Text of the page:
When you are travelling by train or tram, always notice every little thing about your fellow-travellers; notice their faces, dress, way of talking, and so on, so that you could describe them each pretty accurately afterwards; and also try and make out from their appearance and behaviour whether they are rich or poor (which you can generally tell from their boots), and what is their probable business, whether they are happy, or ill, or in want of help.
But in doing this you must not let them see you are watching them, else it puts them on their guard.
It is said that you can tell a man's character from the way he wears his hat. If it is slightly on one side, the wearer is good-natured; if it is worn very much on one side, he is a swaggerer; if on the back of his head, he is bad at paying his debts; if worn straight on the top, he is probably honest, but very dull.
Gareth L Powell and Sharon Ring sign author/agent contract.
Gareth L Powell has signed up with Literary Agent Sharon Ring. Sharon Ring will act as agent in regard to five titles, Revenant Skies; Reclaiming The Dead; Silversands (originally published with Pendragon Press); The Last Reef (originally published with Elastic Press); The New Ships.
Gareth is rapidly gaining a reputation as a “strong new voice in epic science fiction” (Solaris). In addition to his previously published novel (Silversands) and collection (The Last Reef), Gareth has appeared in several anthologies, including including Shine (Solaris Books, 2010), Conflicts (NewCon Press, 2010), 2020 Visions (M-Brane, 2010), Dark Spires (Wizard’s Tower, 2010), and Future Bristol (Swimming Kangaroo, 2009). His short story Ack-Ack Macaque won the Interzone Readers’ Poll for best short story of 2007; and Solaris will publish his second novel The Recollection in September this year.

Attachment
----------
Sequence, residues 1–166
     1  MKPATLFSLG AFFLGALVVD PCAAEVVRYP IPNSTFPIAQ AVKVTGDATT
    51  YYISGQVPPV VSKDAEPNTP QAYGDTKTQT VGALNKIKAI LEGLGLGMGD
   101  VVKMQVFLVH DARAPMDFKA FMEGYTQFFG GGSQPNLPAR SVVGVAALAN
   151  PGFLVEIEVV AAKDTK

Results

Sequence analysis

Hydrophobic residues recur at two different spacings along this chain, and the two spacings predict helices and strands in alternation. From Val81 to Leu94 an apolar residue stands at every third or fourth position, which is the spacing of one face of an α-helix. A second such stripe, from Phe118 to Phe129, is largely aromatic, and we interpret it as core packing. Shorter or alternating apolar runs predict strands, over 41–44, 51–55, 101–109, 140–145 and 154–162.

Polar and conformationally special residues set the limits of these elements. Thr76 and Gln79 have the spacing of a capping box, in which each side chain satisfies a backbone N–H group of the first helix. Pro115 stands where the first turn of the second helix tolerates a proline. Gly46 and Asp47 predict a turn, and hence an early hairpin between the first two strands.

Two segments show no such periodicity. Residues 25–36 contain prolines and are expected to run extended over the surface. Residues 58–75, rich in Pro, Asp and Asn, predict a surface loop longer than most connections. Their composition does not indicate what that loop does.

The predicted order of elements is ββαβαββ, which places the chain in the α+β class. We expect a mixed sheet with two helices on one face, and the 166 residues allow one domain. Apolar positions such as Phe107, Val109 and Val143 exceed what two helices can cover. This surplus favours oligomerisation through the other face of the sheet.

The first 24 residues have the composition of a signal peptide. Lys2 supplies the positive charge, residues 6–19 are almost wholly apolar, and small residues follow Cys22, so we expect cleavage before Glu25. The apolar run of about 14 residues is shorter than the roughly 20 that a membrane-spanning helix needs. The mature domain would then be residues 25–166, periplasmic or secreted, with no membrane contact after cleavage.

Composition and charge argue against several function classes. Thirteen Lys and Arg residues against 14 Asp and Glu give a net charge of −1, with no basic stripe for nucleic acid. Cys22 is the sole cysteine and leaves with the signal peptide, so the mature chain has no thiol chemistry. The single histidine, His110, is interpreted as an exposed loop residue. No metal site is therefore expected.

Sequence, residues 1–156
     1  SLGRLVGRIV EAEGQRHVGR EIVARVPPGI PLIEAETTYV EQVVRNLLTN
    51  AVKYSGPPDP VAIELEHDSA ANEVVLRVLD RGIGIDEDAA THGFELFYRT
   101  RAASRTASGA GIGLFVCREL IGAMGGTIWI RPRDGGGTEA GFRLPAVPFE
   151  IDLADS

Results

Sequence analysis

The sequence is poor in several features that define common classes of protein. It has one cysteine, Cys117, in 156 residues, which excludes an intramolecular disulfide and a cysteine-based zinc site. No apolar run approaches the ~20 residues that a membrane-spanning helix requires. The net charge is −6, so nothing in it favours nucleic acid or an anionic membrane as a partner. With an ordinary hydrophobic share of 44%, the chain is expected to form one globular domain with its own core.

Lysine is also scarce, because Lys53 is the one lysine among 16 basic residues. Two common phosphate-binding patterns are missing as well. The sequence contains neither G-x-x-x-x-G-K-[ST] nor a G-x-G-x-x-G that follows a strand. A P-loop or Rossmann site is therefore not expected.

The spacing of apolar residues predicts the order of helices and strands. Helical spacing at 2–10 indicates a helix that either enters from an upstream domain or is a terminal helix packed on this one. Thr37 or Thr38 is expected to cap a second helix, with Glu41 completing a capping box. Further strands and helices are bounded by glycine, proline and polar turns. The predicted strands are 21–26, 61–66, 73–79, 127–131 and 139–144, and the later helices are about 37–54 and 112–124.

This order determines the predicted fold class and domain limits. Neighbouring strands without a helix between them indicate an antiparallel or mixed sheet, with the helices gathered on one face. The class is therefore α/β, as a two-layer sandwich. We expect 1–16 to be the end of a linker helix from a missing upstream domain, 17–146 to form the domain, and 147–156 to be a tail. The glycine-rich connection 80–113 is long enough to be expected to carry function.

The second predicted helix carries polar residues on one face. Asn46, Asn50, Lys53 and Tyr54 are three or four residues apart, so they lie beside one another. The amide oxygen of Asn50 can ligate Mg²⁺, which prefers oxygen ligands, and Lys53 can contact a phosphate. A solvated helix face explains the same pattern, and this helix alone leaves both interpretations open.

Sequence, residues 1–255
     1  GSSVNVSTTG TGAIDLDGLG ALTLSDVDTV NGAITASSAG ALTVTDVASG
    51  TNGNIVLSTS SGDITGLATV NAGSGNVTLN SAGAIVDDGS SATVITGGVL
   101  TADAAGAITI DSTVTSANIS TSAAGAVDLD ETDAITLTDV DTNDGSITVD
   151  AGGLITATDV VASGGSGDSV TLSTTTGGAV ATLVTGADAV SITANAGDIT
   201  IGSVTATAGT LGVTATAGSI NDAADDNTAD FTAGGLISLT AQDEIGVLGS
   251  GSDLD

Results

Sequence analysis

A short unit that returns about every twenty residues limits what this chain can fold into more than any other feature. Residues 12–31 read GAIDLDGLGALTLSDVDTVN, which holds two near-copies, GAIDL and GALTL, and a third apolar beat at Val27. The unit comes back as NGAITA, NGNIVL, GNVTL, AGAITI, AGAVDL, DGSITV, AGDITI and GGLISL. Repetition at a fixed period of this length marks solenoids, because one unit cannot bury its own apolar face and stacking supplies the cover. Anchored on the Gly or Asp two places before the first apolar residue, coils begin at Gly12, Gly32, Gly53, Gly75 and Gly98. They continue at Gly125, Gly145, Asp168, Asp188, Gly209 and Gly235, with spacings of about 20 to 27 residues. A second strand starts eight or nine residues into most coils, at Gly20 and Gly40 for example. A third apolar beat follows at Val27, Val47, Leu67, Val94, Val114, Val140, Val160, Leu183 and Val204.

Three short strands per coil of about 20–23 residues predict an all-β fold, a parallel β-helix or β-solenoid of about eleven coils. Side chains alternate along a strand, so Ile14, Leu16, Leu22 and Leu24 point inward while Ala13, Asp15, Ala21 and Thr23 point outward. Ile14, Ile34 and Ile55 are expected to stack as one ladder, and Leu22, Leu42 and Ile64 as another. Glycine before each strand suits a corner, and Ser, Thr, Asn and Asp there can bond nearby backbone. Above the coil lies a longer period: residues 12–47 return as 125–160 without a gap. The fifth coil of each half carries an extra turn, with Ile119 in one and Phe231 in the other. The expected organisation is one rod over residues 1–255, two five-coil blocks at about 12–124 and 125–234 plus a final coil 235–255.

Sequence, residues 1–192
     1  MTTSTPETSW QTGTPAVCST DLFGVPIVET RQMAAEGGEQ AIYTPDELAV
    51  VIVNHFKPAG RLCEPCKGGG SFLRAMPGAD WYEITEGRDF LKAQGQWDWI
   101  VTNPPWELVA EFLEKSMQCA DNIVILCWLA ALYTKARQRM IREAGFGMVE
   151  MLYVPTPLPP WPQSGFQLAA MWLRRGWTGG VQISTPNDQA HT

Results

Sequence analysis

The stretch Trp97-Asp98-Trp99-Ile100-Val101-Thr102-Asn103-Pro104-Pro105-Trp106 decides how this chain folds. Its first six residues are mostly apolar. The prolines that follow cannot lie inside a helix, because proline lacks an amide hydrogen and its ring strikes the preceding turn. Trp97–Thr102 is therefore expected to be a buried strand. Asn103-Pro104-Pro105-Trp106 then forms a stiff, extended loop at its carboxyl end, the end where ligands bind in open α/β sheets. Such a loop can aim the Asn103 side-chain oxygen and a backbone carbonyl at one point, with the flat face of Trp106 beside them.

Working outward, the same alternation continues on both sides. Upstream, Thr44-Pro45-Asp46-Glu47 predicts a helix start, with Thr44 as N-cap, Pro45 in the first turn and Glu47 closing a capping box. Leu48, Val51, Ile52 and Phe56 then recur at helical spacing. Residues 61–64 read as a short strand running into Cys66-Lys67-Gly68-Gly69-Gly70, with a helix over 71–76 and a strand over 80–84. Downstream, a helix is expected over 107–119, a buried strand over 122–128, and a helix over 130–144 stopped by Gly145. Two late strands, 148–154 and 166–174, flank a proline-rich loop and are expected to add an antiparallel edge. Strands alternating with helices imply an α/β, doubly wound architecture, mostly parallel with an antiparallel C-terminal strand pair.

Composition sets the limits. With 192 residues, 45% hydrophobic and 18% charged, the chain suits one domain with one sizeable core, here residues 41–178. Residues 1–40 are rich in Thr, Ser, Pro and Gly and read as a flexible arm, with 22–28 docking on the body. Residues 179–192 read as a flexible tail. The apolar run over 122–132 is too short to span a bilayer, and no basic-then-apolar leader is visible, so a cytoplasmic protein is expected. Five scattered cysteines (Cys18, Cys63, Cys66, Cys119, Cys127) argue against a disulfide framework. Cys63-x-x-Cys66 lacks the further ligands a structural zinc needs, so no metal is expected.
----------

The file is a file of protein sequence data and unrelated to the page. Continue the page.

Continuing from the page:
Gareth said, "With two novels and a collection under my belt, I'm glad to have someone with Sharon's contacts and chutzpah to help me scout out the territory ahead. I expect this will be a successful and productive partnership for us both."
Sharon said, “Gareth is an ideal writer to join forces with at this time. The more I read his work, the more I feel he is poised to have wider success in the science fiction community. He has a strong narrative voice; concise, direct and, above all, very human in the exploration of his chosen themes. I’m delighted to be forming this partnership.”
Australian wunderkind Trent Jamieson has signed to Angry Robot for a new series of steampunk fantasy novels. Already attracting rave notices for his urban fantasy Death Most Definite (Orbit), Trent’s latest creation takes us to a dying land of decaying clockwork technology that is being devoured by a great rift in reality, the Roil.
The deal was arranged between Trent, agent Sophie Hamley, and AR’s publishing director Marc Gascoigne. It includes publication in the UK and US, in paperback, ebook and audio formats.
Trent had this to say: “Angry Robot have been publishing some bloody excellent books in the last couple of years, so I’m thrilled to be part of their list. Roil and Night’s Engines take me in some rather different directions to anything I’ve done before. They’re Steampunk Fantasy, fast, dark and crammed to bursting with monsters. You’ll meet psychopathic Vergers, Quarg Hounds, and Hideous Garment Flutes, and see the terrors of the Obsidian Curtain up close and personal. This is a world I’ve been writing about, and living in, for ten years, and I’m so excited to finally share it with people.”
Roil is scheduled to hit bookstores in September 2011, with its sequel Night’s Engines following in late Spring 2012.